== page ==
True or False: Interior Plants need to be watered everyday!.
False, false, false!
Most people overwater their office plants. In fact, it’s usually the main cause of the dreaded “black thumb”; People who say they aren’t good with plants usually overwater, not underwater them. Interior plants, just like outdoor plants, like for their soil and roots to dry out between watering. Signs of overwatering include yellow leaves, brown tips, and sagging, listless foliage.
This can kill a plant quick. A natural, aerated soil is best for the plant, and with rare exception, meaning plants directly in windows or other high light situations, most plants do fantastic on a biweekly or even monthly watering schedule. Lower light Draceanas, especially large ones, do fantastic with a nice, solid drink of water about every 3 to 4 weeks!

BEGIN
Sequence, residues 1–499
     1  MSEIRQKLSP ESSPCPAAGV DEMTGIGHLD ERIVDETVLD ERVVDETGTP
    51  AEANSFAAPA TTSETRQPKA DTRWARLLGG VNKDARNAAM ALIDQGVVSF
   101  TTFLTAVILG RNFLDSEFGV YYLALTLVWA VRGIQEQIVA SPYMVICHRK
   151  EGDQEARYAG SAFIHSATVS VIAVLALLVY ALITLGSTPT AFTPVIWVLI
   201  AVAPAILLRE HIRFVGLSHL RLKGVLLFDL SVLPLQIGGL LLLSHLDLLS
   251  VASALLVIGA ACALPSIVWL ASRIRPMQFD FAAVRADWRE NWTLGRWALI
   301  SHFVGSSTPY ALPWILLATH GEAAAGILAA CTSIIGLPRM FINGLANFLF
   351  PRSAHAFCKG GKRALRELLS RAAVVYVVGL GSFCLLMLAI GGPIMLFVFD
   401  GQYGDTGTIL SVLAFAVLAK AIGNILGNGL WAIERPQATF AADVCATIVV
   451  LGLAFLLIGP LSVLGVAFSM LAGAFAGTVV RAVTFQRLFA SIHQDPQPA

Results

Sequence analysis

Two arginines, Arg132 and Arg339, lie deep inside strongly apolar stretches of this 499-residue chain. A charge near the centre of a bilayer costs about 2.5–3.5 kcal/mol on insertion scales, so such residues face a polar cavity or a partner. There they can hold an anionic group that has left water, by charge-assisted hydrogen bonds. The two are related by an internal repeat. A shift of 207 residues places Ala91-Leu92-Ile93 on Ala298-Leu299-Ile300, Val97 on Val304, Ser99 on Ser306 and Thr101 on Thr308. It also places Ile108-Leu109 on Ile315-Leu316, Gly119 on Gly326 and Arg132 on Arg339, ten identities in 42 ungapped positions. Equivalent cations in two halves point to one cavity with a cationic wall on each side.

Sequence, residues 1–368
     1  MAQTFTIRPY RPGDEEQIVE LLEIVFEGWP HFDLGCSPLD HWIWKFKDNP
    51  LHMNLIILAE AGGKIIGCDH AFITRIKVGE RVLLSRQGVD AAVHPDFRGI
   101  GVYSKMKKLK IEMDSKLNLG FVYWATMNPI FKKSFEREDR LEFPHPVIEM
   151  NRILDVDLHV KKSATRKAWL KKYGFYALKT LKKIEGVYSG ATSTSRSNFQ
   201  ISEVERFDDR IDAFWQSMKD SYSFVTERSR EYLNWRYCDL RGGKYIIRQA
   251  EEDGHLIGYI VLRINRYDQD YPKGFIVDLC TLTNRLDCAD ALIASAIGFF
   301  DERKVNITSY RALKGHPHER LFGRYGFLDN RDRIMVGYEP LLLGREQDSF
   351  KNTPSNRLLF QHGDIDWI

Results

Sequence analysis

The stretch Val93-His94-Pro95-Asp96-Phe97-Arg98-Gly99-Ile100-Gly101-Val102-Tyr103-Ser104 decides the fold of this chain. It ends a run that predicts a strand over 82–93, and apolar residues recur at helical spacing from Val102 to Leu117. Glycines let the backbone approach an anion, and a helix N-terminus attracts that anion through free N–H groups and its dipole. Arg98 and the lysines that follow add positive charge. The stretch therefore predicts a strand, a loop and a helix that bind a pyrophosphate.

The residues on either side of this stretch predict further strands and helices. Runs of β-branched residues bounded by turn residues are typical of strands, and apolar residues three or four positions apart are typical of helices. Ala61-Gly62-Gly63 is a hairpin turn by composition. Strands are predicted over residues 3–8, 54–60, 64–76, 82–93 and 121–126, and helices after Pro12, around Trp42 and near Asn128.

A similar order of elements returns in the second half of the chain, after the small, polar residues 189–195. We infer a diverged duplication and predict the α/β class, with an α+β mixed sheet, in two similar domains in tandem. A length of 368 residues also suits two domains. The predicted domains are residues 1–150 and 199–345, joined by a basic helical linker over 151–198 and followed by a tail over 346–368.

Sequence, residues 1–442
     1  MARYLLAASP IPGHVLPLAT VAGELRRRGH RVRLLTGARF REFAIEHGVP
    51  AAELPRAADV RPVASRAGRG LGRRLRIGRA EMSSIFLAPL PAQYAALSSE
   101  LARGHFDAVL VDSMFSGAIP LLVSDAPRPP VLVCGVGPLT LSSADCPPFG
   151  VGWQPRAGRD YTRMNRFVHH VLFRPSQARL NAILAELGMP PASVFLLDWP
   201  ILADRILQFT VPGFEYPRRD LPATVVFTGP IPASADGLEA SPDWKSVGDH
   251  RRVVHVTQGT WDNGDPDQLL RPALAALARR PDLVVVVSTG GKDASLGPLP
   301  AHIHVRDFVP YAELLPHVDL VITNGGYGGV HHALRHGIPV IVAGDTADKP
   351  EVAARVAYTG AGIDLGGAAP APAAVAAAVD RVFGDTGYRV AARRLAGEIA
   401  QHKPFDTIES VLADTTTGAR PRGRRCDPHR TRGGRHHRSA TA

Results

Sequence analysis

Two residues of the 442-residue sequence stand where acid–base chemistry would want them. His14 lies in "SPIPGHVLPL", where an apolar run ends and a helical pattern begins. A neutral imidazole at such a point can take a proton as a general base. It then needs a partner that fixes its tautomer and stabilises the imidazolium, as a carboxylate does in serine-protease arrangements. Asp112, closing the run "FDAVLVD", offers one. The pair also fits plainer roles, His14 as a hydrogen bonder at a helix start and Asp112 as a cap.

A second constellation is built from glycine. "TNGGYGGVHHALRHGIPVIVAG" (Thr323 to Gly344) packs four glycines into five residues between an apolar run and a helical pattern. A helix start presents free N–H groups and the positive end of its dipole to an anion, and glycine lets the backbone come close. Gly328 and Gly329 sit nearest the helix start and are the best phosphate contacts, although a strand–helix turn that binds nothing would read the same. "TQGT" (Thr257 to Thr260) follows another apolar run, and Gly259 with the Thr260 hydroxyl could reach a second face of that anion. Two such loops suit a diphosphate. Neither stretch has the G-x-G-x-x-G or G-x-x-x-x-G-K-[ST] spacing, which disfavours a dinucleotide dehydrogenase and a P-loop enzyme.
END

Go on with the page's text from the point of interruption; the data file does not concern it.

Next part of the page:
Overwatered plants quickly develop a host of problems, including obvious visual ones, but also some hidden issues can come up such as the dreaded fungus gnats (which I’ll discuss in a separate post down the road!) and worse, root rot:
Nasty stuff. You might not even know it–often times the plant will look fine, but below the surface of the soil the roots are soggy, wet, and rotting away. This can quickly lead to the death of the plant.
So, how do you keep from worrying about this? This is obviously where we come in. Our techs are carefully trained on how to monitor the watering needs of the plants you trust to our care, and we usually never run into overwatering problems. If you’re attempting to water plants on your own, then just go by our catchphrase: “If it’s wet then just forget”–meaning if the top of the soil shows any sign of moisture to the touch, there’s a 99.9% chance that plant doesn’t need any water.